History’s Top Brain Computation Insights: Day 6

6) Neural networks consist of excitatory and inhibitory neurons connected by synapses (Sherrington – 1906)

Based on his observations in the spinal cord, Sherrington theorized that the brain consists of complex networks of excitatory and inhibitory cells he was the first to term 'neurons', with connection points he was the first to term 'synapses'. His theories turned out to be correct.

Sherrington's insight into the network nature of neural interactions is still at the cutting edge of neuroscience. It's ramifications are vast and complex, and we will still be working to understand the implications of this insight for decades to come.

Sherrington himself was able to prove that opposing muscles on the limbs inhibited each other via network interaction in the spinal cord. Also, it was found that timing of muscle movements is controlled by negative feedback via local neuronal networks. These spinal cord networks were an essential proof of concept for Sherrington, but they pale in comparison to the complexity of network interactions recently discovered in cortex, basal ganglia, and cerebellum.

Implication: The mind is implemented in an electric organ with distributed and modular function consisting of excitatory and inhibitory neurons communicating via synaptic connections.

[This post is part of a series chronicling history's top brain computation insights (see the first of the series for a detailed description)]

-MC

History’s Top Brain Computation Insights: Day 4

Primary sensory-motor cortical regions 4) Functions can be localized in the brain (Bouillaud – 1825, Broca – 1861, Fritsch & Hitzig – 1870)

Bouillaud and Broca discovered patients with frontal cortex lesions who had speech problems. Fritsch & Hitzig discovered primary motor cortex; a specialized chunk of cortex specifically for motor control. Broca believed that all brain functions would be localized eventually, and held the brain area he discovered (now termed Broca's area) as an example. It was found that all sensory modalities have dedicated chunks of cortex, called primary sensory areas.

This localized function insight immediately clashed with the distributed function insight (see yesterday's post). Flourens and his followers were adamantly against the localizationist view championed by Broca and others.

The origin of the concept of localizing brain function, phrenology, added discredit to the practice. Phrenology claimed that differences in localized brain function were reflected in bumps on individuals' skulls. Once it was clear that phrenological findings were not replicated between individuals the practice was labeled a pseudoscience. Unfortunately, localization of function applied without the fallacies of phrenology was not spared the renewed skepticism of many scientists.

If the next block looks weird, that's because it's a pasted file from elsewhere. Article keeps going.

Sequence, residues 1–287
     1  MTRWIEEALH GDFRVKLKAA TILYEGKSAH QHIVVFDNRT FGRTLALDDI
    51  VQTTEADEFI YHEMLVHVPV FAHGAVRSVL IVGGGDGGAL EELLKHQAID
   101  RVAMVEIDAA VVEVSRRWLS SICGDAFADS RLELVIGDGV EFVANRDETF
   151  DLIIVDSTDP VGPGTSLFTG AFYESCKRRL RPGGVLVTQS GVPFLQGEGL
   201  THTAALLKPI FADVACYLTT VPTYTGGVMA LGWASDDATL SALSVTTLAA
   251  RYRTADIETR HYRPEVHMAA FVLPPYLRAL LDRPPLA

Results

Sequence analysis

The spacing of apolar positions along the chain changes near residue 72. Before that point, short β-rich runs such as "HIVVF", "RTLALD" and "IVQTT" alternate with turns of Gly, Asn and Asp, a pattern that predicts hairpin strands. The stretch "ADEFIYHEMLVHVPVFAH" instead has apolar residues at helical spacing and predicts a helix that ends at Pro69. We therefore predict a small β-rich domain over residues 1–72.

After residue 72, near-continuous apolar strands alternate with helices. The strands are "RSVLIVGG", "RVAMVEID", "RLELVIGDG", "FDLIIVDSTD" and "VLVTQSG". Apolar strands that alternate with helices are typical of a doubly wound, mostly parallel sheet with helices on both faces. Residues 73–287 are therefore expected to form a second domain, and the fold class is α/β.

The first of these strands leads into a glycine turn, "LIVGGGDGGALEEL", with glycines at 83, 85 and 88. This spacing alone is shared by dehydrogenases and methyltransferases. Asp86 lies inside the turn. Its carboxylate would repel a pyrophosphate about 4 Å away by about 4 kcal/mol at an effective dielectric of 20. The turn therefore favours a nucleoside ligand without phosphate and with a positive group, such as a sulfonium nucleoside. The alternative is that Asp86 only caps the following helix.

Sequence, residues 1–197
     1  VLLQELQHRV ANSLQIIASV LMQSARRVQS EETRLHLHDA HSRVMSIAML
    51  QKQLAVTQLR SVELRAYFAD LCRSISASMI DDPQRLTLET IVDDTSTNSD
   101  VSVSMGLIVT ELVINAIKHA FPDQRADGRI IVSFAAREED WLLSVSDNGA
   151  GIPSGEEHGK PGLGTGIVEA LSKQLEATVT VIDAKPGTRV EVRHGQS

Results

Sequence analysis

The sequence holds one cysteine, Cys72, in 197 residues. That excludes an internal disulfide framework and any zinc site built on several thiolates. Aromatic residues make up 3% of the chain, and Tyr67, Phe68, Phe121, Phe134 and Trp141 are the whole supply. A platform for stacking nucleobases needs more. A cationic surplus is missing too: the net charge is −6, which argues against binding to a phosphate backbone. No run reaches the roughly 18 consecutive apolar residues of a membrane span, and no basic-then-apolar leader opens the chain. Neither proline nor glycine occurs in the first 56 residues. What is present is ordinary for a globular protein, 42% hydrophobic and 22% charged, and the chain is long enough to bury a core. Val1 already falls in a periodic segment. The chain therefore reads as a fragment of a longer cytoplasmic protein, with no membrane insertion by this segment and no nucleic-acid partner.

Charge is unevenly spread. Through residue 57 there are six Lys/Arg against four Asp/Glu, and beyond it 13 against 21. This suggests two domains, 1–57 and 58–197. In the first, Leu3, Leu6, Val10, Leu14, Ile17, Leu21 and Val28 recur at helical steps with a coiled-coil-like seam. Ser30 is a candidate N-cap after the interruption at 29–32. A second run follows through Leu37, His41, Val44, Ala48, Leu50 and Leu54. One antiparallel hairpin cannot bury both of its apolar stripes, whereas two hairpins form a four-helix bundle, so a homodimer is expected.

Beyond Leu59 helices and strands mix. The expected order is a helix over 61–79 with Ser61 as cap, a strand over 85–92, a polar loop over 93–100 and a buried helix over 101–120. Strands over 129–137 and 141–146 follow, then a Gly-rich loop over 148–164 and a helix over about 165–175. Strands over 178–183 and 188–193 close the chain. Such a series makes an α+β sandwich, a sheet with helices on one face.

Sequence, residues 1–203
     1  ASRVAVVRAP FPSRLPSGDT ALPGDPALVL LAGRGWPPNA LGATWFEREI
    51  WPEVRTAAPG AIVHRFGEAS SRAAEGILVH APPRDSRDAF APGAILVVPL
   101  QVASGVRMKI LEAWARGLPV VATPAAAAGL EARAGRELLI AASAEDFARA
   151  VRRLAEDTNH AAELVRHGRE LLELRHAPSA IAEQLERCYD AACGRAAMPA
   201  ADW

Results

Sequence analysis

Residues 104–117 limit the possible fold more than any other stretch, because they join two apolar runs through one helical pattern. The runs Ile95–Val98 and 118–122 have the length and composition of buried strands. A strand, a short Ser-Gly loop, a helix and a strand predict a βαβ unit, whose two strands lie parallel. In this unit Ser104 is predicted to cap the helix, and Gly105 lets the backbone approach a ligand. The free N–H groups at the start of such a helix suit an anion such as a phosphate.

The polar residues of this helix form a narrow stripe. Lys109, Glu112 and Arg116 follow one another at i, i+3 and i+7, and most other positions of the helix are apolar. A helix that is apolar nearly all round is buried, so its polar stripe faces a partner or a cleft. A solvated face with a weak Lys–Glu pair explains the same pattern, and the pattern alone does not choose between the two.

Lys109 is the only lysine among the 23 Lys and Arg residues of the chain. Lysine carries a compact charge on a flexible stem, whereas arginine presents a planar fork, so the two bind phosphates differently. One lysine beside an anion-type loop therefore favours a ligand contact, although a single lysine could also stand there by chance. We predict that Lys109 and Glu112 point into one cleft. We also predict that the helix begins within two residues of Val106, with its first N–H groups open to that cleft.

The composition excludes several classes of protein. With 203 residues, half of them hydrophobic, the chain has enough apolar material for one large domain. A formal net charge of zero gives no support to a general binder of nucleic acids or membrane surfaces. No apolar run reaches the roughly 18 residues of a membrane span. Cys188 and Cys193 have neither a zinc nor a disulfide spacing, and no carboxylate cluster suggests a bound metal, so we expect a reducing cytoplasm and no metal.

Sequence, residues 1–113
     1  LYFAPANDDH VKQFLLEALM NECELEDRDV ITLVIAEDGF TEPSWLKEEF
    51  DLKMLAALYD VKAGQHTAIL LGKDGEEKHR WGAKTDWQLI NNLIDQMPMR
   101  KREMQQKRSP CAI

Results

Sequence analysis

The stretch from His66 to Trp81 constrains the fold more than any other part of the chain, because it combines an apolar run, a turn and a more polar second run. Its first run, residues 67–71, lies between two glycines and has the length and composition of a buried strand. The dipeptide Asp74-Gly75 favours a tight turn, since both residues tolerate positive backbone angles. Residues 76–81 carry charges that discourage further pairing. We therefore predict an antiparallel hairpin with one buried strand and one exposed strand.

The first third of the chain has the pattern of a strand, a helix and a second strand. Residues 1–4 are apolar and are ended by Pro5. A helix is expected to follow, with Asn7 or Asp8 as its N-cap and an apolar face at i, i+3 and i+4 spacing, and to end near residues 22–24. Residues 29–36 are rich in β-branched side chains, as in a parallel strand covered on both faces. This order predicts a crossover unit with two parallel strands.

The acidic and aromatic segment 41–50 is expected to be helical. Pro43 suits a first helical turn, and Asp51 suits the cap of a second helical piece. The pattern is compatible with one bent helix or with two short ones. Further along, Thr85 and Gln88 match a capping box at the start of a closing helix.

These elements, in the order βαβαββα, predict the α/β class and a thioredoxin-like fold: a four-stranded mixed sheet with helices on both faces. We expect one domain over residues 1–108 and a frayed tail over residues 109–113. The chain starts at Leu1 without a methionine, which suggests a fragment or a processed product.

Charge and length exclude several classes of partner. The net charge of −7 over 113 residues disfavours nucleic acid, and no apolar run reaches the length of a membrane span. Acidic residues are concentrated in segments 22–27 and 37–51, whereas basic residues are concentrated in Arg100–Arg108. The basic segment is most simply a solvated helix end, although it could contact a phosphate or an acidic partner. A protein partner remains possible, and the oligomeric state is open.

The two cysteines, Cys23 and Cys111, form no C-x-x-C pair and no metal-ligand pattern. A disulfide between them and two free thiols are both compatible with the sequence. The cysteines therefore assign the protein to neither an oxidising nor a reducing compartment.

Today localization of function is well established, especially in primary sensory-motor regions. Functions have also been localized within association cortex, though much work remains in understanding how such localization arises. Insights within the last 20 years have led to a more sophisticated view of how functions arise in association cortex involving network interactions (see future insight posts).

Implication: The mind is implemented in an electric organ with distributed and modular function.

[This post is part of a series chronicling history's top brain computation insights (see the first of the series for a detailed description)]
-MC

History’s Top Brain Computation Insights: Day 3

3)  Functions are distributed in the brain (Flourens – 1824, Lashley – 1929)

Flourens found that it did not matter where he lesioned inside cortex; what mattered was how much he lesioned. This suggested that functions were equally distributed (the law of equipotentiality) and widely distributed (the law of mass action) across cortex. Lashley updated this research by acknowledging localized functions in primary sensory-motor cortex (see tomorrow's entry), labeling the rest of cortex 'association cortex'.

Modern research has shown that Flourens and Lashley just weren't looking hard enough. Equipotentiality does not hold true (i.e, there is specialization within association cortex), but there is a great deal of mass action in the form of distributed network interaction across association cortex.

Implication: The mind is implemented in an electric organ with distributed function.

[This post is part of a series chronicling history's top brain computation insights (see the first of the series for a detailed description)]

-MC

History’s Top Brain Computation Insights: Day 2

This post is part of a series chronicling history's top brain computation insights (see the first of the series for a detailed description).

2)  Brain signals are electrical (Galvani – 1791, Rolando – 1809)

Galvani (whose name inspired the word 'galvanize') discovered that electrically shocking frog nerves made their muscles move. Rolando used this same method to stimulate cortex in the brain.

As has often occurred in history, the latest and most mysterious new technology was used to explain brain function. Here, at the turn of the 19th century the brain was "explained" as a mysterious electrical device. Later it will be "explained" as a telegraph with its many communicators (neurons) and wires (axons). Then it was described as a telephone network, with switchboards acting to control the flow of information. Eventually, with the cognitive revolution, it was compared to a computer. Finally, today, its complex and distributed network architecture is compared to the internet.

Though each new comparison is always premature and inadequate, new insights nonetheless seem to derive from each analogy. What new technology of tomorrow will be used to describe brain function?

Implication: The mind is implemented in an electrical machine-like organ.

-MC